The week after Republicans’ historic 2010 midterm election landslide, President Barack Obama appointed the union president that represents “tens of thousands in the IRS,” Colleen Kelley, to a key Administration post. Two years later, that union, the National Treasury Employees Union (NTEU), contributed $580,412 to federal candidates–94% of which were Democrats.
The position Obama appointed Kelley to: the Federal Salary Council, an advisory group charged with recommending federal employee raises.
Representing 150,000 members from 31 federal agencies and departments including the Internal Revenue Service, the NTEU bills itself as the nation’s largest independent federal union. Kelley, herself a former IRS Agent, commands her union brigade with partisan ferocity.
“I guess the Republicans’ idea of shared sacrifice is that they have lots of ways to share the money they take away from the only group actually sacrificing–middle class federal workers,” Kelley said last February.
And when it came time to rally the troops to reelect Obama, Kelley rose to the occasion. “NTEU supported the re-election of President Obama,” said Kelley. “He is the right leader for our country and for the dedicated members of the federal workforce.”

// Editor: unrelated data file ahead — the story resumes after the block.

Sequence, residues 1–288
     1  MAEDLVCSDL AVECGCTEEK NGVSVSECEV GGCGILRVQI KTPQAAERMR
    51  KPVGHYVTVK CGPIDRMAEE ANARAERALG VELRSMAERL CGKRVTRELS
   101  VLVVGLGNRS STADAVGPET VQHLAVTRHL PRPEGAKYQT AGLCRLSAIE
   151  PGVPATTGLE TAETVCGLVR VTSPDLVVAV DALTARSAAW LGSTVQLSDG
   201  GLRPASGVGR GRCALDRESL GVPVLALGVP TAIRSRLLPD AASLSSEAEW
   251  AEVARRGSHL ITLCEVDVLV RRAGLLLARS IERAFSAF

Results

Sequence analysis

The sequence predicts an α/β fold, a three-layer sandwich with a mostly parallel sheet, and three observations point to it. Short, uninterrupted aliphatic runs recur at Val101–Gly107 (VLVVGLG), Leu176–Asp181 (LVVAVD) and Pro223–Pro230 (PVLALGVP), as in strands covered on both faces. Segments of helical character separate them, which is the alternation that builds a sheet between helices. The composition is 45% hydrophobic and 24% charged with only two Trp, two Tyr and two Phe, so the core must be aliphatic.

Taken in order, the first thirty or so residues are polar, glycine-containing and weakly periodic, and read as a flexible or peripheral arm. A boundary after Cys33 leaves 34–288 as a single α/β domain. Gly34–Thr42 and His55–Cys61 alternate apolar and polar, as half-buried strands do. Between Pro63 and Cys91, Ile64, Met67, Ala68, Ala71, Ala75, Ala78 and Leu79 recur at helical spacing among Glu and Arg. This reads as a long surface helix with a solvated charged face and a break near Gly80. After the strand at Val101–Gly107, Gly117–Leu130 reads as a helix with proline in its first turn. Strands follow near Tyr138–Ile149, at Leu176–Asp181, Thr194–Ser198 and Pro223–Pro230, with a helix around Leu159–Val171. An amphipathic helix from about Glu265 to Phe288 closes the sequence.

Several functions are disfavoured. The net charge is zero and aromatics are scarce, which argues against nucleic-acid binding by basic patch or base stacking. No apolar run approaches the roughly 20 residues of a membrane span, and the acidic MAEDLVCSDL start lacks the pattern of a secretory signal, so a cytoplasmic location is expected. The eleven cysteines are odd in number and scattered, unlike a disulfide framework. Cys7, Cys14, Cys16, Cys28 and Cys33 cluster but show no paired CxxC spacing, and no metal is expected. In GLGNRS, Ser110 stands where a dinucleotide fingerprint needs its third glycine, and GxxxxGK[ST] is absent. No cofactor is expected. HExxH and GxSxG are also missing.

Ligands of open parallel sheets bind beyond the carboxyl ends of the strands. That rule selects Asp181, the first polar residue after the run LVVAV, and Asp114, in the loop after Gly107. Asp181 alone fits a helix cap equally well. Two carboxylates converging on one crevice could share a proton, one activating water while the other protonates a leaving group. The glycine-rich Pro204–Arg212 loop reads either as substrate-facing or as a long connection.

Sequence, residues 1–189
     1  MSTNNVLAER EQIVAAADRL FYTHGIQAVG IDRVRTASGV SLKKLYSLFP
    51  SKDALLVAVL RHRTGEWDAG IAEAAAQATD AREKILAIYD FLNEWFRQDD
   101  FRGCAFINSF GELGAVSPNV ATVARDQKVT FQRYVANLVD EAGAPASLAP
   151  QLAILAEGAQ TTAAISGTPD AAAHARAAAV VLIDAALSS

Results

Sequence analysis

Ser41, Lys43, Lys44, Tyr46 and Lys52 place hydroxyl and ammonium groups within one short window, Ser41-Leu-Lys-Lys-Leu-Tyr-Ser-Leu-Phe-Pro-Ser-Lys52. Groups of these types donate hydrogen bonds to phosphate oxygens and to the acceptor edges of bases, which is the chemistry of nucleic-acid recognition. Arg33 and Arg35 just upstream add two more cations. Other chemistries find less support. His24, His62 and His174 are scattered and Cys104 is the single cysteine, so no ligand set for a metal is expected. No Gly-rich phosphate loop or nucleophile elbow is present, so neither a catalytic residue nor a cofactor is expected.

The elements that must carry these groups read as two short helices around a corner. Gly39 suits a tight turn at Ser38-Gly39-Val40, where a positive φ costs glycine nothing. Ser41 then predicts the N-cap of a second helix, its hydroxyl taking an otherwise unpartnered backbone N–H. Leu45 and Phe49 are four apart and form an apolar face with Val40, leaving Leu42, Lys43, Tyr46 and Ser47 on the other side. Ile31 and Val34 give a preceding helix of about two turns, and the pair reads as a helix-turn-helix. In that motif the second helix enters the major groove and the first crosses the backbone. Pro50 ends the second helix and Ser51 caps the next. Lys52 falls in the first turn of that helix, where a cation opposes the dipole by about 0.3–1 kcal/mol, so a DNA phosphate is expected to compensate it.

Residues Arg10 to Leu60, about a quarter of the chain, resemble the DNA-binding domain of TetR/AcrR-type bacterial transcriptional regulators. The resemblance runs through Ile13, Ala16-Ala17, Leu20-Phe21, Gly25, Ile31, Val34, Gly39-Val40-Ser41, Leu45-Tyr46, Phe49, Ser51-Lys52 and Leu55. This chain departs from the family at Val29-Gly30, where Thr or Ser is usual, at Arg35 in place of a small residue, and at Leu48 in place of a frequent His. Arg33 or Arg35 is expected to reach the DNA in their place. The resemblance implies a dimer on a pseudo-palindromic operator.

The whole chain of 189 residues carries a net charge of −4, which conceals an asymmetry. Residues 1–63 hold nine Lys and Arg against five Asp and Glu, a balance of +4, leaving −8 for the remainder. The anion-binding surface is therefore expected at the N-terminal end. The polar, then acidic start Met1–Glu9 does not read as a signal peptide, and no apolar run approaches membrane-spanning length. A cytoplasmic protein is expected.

Indeed, IRS agents strongly supported Obama. As Breitbart News reported Monday, IRS employees donated over two-and-a-half times as much to Obama as to Mitt Romney.
Now, however, with the IRS in the center of the political profiling scandal, the Kelley and the NTEU have gone quiet.
“NTEU is working to get the facts but does not have any specifics at this time,” Kelley wrote in an email reply to The Washington Post. “Moreover, IRS employees are not permitted to discuss taxpayer cases. We cannot comment further at this time.”
American Spectator reporter Jeffrey Lord says behind NTEU and Kelley’s silence lies a nexus of attitudes and actions that may prove critical in understanding the IRS targeting scandal and the culture that fueled it.
“What attitude are you going to display as you review Tea Party applications that must, by law, come in to the IRS for approval?” asks Lord. “You already know what to do. And inside the IRS, that’s exactly what was done.”
Lord added: “The Tea Party, in the vernacular, was screwed. By IRS bureaucrats whose union money is being used to attack the Tea Party. Of course these IRS employees know what to do–most probably without even being asked.”
The House Ways and Means Committee will hold the first hearing on the IRS conservative targeting scandal this Friday when recently resigned acting IRS Commissioner Steve Miller and Treasury Inspector General for Tax Administration J. Russell George are scheduled to testify.